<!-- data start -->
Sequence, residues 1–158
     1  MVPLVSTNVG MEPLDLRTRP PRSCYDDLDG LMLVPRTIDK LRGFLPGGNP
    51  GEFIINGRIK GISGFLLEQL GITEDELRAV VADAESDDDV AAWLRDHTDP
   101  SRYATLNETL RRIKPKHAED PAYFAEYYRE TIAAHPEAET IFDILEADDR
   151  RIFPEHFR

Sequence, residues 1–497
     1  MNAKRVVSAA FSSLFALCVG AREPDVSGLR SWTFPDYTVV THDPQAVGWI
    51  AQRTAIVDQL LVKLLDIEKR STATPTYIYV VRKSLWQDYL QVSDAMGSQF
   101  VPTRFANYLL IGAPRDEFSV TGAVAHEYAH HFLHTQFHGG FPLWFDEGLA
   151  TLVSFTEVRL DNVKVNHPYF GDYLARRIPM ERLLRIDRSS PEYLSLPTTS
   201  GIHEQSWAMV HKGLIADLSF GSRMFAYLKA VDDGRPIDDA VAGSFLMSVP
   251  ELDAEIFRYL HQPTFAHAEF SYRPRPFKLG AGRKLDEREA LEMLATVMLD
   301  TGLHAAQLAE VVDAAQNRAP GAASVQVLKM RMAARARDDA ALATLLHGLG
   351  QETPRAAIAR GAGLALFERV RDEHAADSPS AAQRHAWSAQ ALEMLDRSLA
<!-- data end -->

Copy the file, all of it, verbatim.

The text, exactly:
Sequence, residues 1–158
     1  MVPLVSTNVG MEPLDLRTRP PRSCYDDLDG LMLVPRTIDK LRGFLPGGNP
    51  GEFIINGRIK GISGFLLEQL GITEDELRAV VADAESDDDV AAWLRDHTDP
   101  SRYATLNETL RRIKPKHAED PAYFAEYYRE TIAAHPEAET IFDILEADDR
   151  RIFPEHFR

Sequence, residues 1–497
     1  MNAKRVVSAA FSSLFALCVG AREPDVSGLR SWTFPDYTVV THDPQAVGWI
    51  AQRTAIVDQL LVKLLDIEKR STATPTYIYV VRKSLWQDYL QVSDAMGSQF
   101  VPTRFANYLL IGAPRDEFSV TGAVAHEYAH HFLHTQFHGG FPLWFDEGLA
   151  TLVSFTEVRL DNVKVNHPYF GDYLARRIPM ERLLRIDRSS PEYLSLPTTS
   201  GIHEQSWAMV HKGLIADLSF GSRMFAYLKA VDDGRPIDDA VAGSFLMSVP
   251  ELDAEIFRYL HQPTFAHAEF SYRPRPFKLG AGRKLDEREA LEMLATVMLD
   301  TGLHAAQLAE VVDAAQNRAP GAASVQVLKM RMAARARDDA ALATLLHGLG
   351  QETPRAAIAR GAGLALFERV RDEHAADSPS AAQRHAWSAQ ALEMLDRSLA